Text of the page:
Double digit growth rates for the burgeoning €25.8 billion global organic market contrast sharply with estimated market growth of just 2 per cent for the confectionery market in the UK alone.
The UK's Soil Association, proponent of organic food, expects a decent 10 per cent growth for sales of organic products this year, which it says is four to five times higher than average sales growth for the general food market in a good year.
And while there is a seemingly constant roll-out of organic chocolate products, these growth figures, it would appear, are encouraging sweet confectioners to move outside of the traditional confectionery domain and into new formulations for organic sweets in order to meet the broadening appeal of organic products.
Market analysts Mintel recorded 86 European product launches in the organic sweets arena in the previous 12 months.
This figure compares to a diminutive 13 new product launches in Europe for the previous year.
In the US, the picture is the same. Mintel's product tracking reveals a total of 79 product launches in the past 12 months, nearly three times as many as the 29 launches clocked up for the previous year.
In Europe, for example, Danish organic and body care firm Uktekram launched organic wine gums onto the local market, while Milan-based organic company Ecomarket brought organic rice malt sweets to Italian shelves. The firm also offers liquorice, sage and lemon, and camomile and lime 'stick candies' in its portfolio.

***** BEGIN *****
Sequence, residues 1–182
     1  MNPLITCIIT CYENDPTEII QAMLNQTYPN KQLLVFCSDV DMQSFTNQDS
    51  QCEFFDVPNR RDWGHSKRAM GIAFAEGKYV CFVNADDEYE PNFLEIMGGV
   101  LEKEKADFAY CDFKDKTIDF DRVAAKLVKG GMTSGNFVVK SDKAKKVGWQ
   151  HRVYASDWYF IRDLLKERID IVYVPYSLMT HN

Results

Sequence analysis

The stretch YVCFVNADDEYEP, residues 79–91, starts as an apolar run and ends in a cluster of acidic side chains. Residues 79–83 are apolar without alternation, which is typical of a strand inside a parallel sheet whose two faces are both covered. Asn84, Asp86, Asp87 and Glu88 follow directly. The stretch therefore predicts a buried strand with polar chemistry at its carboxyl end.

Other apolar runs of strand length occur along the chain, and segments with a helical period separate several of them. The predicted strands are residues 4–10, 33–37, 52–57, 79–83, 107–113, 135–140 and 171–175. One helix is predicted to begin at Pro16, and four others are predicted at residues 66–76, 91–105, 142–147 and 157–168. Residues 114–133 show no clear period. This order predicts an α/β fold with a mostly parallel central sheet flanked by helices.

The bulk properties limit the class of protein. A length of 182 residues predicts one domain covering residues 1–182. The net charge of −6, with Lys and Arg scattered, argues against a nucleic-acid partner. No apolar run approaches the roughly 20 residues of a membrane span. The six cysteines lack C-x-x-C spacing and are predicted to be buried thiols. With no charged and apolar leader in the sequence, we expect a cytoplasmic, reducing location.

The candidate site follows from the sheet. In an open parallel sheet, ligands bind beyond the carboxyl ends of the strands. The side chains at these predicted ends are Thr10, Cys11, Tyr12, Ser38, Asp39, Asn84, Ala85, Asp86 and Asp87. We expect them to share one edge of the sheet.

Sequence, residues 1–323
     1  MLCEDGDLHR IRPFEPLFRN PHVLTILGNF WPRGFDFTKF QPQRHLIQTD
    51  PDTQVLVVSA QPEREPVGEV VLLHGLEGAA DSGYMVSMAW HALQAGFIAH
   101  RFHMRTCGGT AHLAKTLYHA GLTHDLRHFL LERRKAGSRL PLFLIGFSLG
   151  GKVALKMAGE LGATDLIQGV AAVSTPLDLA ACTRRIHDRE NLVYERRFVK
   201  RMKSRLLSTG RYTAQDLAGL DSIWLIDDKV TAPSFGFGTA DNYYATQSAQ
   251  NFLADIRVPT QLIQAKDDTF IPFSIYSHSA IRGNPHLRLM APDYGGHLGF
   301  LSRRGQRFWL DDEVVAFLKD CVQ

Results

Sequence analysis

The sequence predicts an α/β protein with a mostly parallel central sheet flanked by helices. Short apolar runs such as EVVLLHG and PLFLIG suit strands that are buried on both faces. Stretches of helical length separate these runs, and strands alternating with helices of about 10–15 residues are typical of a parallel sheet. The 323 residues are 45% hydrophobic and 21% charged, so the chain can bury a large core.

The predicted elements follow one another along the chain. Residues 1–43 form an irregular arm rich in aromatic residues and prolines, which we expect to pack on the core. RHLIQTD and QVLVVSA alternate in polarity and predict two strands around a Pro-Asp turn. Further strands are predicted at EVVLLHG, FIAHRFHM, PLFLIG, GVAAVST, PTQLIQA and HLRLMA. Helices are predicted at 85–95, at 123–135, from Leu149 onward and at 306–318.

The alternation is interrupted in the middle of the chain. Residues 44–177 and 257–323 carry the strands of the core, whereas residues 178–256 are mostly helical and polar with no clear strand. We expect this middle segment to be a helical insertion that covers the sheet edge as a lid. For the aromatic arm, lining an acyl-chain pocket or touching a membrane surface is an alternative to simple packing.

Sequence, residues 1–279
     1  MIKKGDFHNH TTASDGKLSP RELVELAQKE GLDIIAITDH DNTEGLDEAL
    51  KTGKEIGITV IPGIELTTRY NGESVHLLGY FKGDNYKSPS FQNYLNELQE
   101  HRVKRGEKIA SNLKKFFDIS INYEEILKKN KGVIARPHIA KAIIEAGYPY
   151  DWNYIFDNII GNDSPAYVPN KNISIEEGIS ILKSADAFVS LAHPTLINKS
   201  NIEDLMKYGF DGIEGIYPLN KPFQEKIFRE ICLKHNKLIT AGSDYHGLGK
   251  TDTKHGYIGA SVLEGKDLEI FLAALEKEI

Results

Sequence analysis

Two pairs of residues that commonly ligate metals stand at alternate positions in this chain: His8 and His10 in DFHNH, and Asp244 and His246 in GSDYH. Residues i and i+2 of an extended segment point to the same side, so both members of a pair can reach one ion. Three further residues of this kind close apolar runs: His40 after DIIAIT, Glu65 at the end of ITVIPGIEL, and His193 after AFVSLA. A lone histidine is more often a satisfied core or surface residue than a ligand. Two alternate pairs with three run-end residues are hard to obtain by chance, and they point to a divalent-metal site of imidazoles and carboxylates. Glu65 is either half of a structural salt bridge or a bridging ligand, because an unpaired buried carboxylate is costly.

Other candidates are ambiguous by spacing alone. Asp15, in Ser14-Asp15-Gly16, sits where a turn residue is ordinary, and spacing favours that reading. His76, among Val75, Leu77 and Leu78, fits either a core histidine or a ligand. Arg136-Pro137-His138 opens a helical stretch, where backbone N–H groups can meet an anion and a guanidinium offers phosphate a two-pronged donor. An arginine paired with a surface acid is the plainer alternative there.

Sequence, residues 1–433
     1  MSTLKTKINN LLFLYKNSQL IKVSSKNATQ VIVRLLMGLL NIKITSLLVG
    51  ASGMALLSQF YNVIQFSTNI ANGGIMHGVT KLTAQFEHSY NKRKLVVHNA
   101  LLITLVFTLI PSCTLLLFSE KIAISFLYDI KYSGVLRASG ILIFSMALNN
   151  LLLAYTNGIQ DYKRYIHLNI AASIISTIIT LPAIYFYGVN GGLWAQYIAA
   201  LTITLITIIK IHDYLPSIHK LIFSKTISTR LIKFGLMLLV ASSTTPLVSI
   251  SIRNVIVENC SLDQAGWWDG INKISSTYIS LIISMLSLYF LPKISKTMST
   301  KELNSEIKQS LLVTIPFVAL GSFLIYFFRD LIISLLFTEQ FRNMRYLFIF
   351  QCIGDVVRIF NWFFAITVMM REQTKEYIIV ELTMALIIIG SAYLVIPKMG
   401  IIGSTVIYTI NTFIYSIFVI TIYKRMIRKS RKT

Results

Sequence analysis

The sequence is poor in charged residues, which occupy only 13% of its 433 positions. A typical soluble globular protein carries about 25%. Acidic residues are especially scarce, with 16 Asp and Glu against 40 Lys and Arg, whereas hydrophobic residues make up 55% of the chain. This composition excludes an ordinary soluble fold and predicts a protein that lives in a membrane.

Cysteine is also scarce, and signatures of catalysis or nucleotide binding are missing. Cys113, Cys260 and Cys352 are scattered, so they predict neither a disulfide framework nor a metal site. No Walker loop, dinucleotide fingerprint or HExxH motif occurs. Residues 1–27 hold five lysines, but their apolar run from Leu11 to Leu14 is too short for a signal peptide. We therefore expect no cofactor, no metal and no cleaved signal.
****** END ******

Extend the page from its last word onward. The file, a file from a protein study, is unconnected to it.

Licorice pops up again in the US. Californian firm Tundra Trading launched its Tubis organic soft licorice rope brand in a formulation that uses "only the best organic ingredients".
Elsewhere, US organic 'confection' ingredient firm Parker Products now offers 'Pink Peppermint Bark' in its portfolio of sweets. The firm claims its organic confections line features “premium products using only the purest, minimally processed, natural ingredients available”.
Earlier this year, the US trade show All Candy Expo highlighted organic products, along with premium and gourmet, which organisers said were the fastest growing segments in the confectionery and snack markets.
And in a European consumer survey, market researchers Euromonitor found that half of respondents thought organic food and drink was either important or very important. According to Euromonitor, the organic finished product market is expected to grow by a massive 32 per cent from 2006 to 2011.
In terms of certification in the UK, confectioners can turn to the Soil Association to become a licensee. In order to gain certification, the product "needs to adhere to our strict guidelines," a spokesperson at the Soil Association said.
All ingredients present in the formulation must hail from organic sources. "If the ingredients are not actually available organically – for example, salt or water – the ingredient must be sourced from the association's list of non-organic approved ingredients," the spokesperson explained to ConfectioneryNews.com.
No genetically-modified sources are permitted, nor are artificial sweeteners, flavours or colourings.
In terms of cost, firms will pay an initial application fee, of £250 (£293.73 including VAT) for the initial screening, first inspection and six months of 'core' services. After this, the annual fee is based on the company's total organic certified sales. In the first year, the Soil Association asks companies to predict what this figure is likely to be, and in the following years “declare your actual organic certified sales figure”.
In fact, if firms earn less than £180,000 in annual sales, the association will ask for a flat £548 annual fee. Between £180,000 and £2 million they will ask for “0.003 multiplied by your organic certified sales”.